London, March 30 (DPA) An international conference on the Libya conflict pledged Tuesday to continue the military action against the embattled regime of Libyan leader Muammar Gaddafi while increasing support for opposition groups.
The one-day meeting, attended by foreign ministers from 35 nations and a number of international organisations, agreed to set up a Libya Contact Group which would oversee and direct the multinational efforts to help the people of Libya.
“This has been a very important day for Libya”, said British Foreign Secretary William Hague, who hosted the conference.
UN Secretary General Ban Ki-moon and NATO chief Anders Fogh Rasmussen were among those attending, as were top level representatives of the Arab League, the African Union and the Organisation of the Islamic Conference.
Arab countries present including Qatar, Iraq, Jordan, Morocco, Lebanon, Tunisia and the United Arab Emirates (UAE).
The international coalition on Libya had been “deepened and widened,” said Hague, adding that Sweden had offered to provide eight fighter planes for the military operations, which are now fully under NATO command.
The first meeting of the new Contact Group will take place in the Gulf state of Qatar in the next few weeks.
Sheikh Hamad Bin Jasim al-Thani, the prime minister and foreign minister of Qatar, told journalists that while the world was currently witnessing “sad” events in Libya, the conference had brought “hope for the future”.
However, the time would come where the international coalition would have to “evaluate” whether the air strikes were “effective or not” in protecting the people of Libya or whether further measures needed to be taken.
“We are not going to invade Libya, but we cannot let the people of Libya suffer for so long,” said the Qatari leader. He also said he regretted that Arab states were “not more serious” in their efforts to back the Libya coalition.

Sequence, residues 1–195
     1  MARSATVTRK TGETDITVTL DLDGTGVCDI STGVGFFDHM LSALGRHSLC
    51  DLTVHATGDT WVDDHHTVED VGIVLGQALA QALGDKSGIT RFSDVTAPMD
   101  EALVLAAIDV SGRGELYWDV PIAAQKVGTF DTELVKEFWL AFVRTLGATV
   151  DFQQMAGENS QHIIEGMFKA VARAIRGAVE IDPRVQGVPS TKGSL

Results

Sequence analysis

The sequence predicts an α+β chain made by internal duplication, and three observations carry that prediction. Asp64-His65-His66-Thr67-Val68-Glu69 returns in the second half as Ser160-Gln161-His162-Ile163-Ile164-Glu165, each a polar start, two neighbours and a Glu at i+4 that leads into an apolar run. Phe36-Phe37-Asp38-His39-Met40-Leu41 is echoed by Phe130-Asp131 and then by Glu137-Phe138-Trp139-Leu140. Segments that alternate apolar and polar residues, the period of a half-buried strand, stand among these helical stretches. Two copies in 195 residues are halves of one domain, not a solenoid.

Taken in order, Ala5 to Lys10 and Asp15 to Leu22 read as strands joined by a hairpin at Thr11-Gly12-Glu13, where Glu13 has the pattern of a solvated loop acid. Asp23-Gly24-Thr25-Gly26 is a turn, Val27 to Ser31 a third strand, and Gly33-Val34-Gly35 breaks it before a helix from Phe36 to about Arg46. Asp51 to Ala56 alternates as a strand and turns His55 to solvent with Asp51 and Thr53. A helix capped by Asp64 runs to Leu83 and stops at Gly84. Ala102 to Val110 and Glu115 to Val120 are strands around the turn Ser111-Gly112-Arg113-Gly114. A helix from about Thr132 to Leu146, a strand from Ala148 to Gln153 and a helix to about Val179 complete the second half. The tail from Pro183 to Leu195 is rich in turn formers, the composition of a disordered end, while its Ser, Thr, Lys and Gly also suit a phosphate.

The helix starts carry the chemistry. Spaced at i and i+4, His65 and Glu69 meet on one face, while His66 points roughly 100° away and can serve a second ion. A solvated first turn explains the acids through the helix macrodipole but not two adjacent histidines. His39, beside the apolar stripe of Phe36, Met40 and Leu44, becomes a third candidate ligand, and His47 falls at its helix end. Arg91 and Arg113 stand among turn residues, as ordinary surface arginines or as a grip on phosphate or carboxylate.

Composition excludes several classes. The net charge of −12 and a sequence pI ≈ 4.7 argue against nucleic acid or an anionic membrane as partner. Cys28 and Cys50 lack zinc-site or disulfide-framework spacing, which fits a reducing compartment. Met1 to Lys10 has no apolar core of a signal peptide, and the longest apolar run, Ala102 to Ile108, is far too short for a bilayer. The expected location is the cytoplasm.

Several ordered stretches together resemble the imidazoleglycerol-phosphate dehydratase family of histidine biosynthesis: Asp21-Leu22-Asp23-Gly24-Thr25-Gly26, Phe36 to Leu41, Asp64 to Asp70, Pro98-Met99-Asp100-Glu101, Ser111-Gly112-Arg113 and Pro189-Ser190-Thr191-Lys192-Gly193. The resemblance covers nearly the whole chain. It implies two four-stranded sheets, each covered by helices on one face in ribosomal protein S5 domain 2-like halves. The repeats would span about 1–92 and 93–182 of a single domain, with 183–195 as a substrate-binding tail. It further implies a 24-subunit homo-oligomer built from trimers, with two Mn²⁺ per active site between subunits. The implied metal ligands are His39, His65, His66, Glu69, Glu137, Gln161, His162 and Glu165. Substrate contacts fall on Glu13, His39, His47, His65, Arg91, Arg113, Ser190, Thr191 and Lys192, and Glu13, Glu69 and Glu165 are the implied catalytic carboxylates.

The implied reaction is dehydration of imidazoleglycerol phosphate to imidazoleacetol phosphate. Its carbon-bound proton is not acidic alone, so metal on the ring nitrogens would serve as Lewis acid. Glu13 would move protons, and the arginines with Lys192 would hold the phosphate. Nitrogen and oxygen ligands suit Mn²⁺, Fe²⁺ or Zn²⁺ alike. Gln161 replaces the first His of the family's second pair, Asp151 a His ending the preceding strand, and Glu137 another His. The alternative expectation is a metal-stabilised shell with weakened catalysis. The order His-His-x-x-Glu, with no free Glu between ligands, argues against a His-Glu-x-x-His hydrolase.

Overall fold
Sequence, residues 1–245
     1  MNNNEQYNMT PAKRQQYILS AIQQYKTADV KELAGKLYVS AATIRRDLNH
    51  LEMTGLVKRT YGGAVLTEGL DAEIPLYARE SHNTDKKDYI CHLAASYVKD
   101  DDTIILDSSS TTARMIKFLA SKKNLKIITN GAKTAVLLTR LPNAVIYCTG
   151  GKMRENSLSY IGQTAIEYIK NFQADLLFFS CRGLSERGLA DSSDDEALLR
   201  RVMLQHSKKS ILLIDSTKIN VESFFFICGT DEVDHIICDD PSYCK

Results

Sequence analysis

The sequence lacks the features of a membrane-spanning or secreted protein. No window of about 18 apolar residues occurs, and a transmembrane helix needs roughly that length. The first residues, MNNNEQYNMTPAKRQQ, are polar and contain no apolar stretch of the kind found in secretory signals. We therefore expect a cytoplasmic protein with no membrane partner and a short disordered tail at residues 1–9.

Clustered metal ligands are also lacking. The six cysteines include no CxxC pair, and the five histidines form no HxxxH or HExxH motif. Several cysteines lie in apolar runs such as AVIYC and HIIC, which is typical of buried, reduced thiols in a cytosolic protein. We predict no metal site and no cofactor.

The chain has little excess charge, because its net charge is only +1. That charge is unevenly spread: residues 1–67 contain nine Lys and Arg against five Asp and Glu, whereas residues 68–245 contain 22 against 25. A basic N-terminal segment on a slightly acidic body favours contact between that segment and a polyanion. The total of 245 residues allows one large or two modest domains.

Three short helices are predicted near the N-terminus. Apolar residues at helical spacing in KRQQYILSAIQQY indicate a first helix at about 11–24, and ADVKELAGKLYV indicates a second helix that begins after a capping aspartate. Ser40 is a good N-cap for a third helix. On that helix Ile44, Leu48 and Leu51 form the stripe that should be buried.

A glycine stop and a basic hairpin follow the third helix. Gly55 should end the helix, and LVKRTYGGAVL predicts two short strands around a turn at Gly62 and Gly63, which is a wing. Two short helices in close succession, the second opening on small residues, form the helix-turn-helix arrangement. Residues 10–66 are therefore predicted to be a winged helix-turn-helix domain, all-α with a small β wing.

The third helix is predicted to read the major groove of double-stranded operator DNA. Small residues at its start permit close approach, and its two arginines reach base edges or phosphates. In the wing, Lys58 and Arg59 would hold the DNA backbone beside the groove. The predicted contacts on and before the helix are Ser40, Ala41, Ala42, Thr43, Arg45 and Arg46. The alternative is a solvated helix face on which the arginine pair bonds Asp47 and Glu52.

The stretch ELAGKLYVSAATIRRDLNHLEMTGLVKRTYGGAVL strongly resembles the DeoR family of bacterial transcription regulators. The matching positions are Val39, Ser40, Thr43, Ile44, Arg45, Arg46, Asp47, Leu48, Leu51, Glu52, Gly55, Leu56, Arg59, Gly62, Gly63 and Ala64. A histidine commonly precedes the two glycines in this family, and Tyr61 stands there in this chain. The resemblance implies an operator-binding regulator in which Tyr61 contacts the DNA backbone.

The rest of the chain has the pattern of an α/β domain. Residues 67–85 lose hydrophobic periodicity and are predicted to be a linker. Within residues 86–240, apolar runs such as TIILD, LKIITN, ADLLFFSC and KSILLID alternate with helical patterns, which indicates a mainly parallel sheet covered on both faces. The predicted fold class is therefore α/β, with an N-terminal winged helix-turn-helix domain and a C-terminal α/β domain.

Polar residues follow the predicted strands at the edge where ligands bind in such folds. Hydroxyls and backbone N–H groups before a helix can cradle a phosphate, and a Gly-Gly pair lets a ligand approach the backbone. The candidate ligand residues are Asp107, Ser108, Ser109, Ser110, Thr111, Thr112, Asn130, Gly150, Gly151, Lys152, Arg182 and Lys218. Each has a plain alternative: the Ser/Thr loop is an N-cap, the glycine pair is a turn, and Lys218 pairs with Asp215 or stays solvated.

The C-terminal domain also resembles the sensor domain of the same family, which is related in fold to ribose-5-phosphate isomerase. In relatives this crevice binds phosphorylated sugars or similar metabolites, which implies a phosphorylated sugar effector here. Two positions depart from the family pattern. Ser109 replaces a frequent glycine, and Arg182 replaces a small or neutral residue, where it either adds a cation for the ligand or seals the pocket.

On the fringes of the conference, Libya’s Interim Transitional National Council (ITNC) presented a document for the rebuilding of a democratic Libya after the departure of Gaddafi.
Its chairman, Mahmoud Jibril, held talks with a wide range of conference participants Tuesday, even though he was not officially invited to the meeting.
He held talks with US Secretary of State, Hillary Rodham Clinton, British Prime Minister David Cameron, German Foreign Minister Guido Westerwelle and Alain Juppe of France.
However, a spokesman for the British government declined to comment on speculation that Britain could follow the lead of France by formally recognising the ITNC.
At a separate news conference earlier, representatives of the Council said they would welcome the supply of arms to opposition groups fighting Gaddafi in Libya.
“We ask for political support more than arms, but if we could get both it would be great,” Mahmoud Shammam, press spokesman for the Council, said.
However, the supply of arms was not a “condition” for the Council’s relations with foreign countries.
The Council was looking for recognition from the international community, and hoped that other countries would soon follow the example of France in granting it.
Hague said that although the supply of arms to the Libyan opposition had not been discussed at the conference, this was not ruled out by the UN resolution on Libya.
The issue of arms was also raised by Clinton, who said the US government had not yet taken a decision on whether to supply the rebels, who would, however, receive continued funding from the US.
But she,too, made clear that arms supplies would be legal under the UN resolution.
“It is our interpretation that (UN Security Council resolution) 1973 amended or overrode the absolute prohibition on arms to anyone in Libya, so that there could be a legitimate transfer of arms if a country should choose to do that,” said Clinton.